Difference between revisions of "2014 AMC 10B Problems/Problem 21"
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<math> \textbf{(A) }10\sqrt{6}\qquad\textbf{(B) }25\qquad\textbf{(C) }8\sqrt{10}\qquad\textbf{(D) }18\sqrt{2}\qquad\textbf{(E) }26 </math> | <math> \textbf{(A) }10\sqrt{6}\qquad\textbf{(B) }25\qquad\textbf{(C) }8\sqrt{10}\qquad\textbf{(D) }18\sqrt{2}\qquad\textbf{(E) }26 </math> | ||
+ | [[Category: Introductory Geometry Problems]] | ||
==Solution== | ==Solution== |
Revision as of 11:53, 13 August 2014
Problem
Trapezoid has parallel sides of length and of length . The other two sides are of lengths and . The angles and are acute. What is the length of the shorter diagonal of ?
Solution
In the diagram, . Denote and . In right triangle , we have from the Pythagorean theorem: . Note that since , we have . Using the Pythagorean theorem in right triangle , we have .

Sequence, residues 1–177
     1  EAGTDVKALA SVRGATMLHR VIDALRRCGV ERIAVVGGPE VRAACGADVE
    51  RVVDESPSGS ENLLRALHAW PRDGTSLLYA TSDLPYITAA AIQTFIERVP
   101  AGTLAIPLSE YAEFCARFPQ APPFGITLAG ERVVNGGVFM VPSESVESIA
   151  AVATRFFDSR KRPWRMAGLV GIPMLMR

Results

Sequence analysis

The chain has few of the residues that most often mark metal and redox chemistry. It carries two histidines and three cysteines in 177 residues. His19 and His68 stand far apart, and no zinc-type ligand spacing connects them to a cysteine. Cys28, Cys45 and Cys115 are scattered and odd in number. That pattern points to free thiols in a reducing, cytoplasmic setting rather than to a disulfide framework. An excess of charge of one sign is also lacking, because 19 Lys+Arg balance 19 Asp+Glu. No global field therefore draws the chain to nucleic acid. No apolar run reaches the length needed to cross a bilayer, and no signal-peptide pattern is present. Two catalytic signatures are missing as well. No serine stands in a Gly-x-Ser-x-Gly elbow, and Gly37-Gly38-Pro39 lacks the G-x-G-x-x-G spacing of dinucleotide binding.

We isolate the term in both equations, getting $\begin{align*}h^2 &= 100-x^2
\\h^2 &= 196-(12-x)^2\end{align}$ (Error compiling LaTeX. ! Package amsmath Error: \begin{align*} allowed only in paragraph mode.).
Setting these equal, we have . Now, we can determine that .
The two diagonals are and . Using the Pythagorean theorem again on and , we can find these lengths to be and . Obviously, is the shorter length, and thus the answer is .
See Also
2014 AMC 10B (Problems • Answer Key • Resources) | ||
Preceded by Problem 20 |
Followed by Problem 22 | |
1 • 2 • 3 • 4 • 5 • 6 • 7 • 8 • 9 • 10 • 11 • 12 • 13 • 14 • 15 • 16 • 17 • 18 • 19 • 20 • 21 • 22 • 23 • 24 • 25 | ||
All AMC 10 Problems and Solutions |
The problems on this page are copyrighted by the Mathematical Association of America's American Mathematics Competitions.